Precarious by Allan Peterson

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Oh, Allan Peterson. I thought I knew thee. I thought, To read an Allan Peterson poem is to expect the precarious, the poised, the anticipatory, the appointed. An aesthetics of the delicate edge. Imagine a soft rolling ball, the movement of one image tumbling so easily into the next, or an image that could shift its weight slightly, but enough that any reader, even the trained poetry reader, would wince, because it feels like the poem might possibly slip, as though Peterson is going to let the poem fall off this delicate, so comfortably soft ball. It won’t. It doesn’t. The miracle of Fragile Acts and All the Lavish in Common is how the poems keep their reader situated, balanced, between, OK, cared for. How? It’s Peterson. Oh, Allan Peterson! That’s all it takes. His is the bounty of Imaginative Intelligence. How was it poetry trusted him with this brand of intelligence? Every piece of an Allan Peterson poem feels like a machine of soft cogs with soft balls rolling among them, and all delicately snug against one another.

And so Peterson’s new book aptly titled Precarious, out from 42 Miles Press. Ah, more machines! But these machines are different. They are still soft and tumbly. Of course the poems surprise. They delight, even. The poems are an inhabitation, like the 19th Century usage of rheumy, they are a body that forms inside your smallest breathing. The poems, like the poems in previous books aren’t momentous but more of the moment. And perhaps that’s what makes the gravity in these poems such a surprise. To my reading, the poems in Precarious center on the emotional perspective of the speaker, which marks a shift. Where before association and the mechanics of each association marked the primary understanding for the poem, these new poems are gravitated to the inside of Allan Peterson. There is gravity in the poems, but it’s a tentative kind of gravity. If you’ve read Jane Mead’s House of Poured Out Waters  or Fanny Howe’s Gone, if you’ve been surprised by the tenderness in Robert Fernandez’s Pink Reef, then you know the tentative gravity I’m speaking of. It’s like information that you anatomically feel. It’s like a voice being spoken into the absolutely darkened room, aware that all it has to speak to is darkness, so why not mimic that absolute darkness?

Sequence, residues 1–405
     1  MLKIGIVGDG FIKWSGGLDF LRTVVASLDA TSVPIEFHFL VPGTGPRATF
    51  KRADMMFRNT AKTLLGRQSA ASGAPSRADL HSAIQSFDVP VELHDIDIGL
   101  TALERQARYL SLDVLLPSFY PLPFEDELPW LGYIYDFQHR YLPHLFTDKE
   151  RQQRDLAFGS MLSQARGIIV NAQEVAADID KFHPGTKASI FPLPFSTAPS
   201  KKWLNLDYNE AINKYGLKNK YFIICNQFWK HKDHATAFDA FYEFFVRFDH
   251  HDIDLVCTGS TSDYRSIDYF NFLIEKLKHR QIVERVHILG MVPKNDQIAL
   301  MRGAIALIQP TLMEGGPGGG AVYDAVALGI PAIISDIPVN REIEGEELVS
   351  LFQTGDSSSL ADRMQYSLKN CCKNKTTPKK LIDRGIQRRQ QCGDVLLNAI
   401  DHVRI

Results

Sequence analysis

Precarious is not absolute darkness, though. Or even Absolute Darkness. It’s more like an articulated string of beads worn around a Darkness’s neck. “Why, Darkness, those brightly colored beads really show off how dark you are!” Which is what makes this book, for me, an extended, articulated description of hope rather than what usually feels like Peterson’s soft, enthusiastic celebration of possibility. That’s not to say hope and possibility are mutually exclusive. And that’s not to say possibility and all of its mechanics is absent from Precarious. In a number of poems, the speaker can be looking out the window, sensing possibility, enacting the world as a cascade of associations and pageants (think kaleidoscope at that moment of tumble, where the shapes so easily reassemble so they look completely new). Here’s a quote from “My Lucky Stars”:

They are all lucky    my stars    the archer    the fish
actinosphaerium    even if they prove to be wren skeletons
and I count them as numerous as companies
that send me endless gummed labels with my name
But today the sky is too thick and a hundred things
have plowed into it my lucky stars are occluded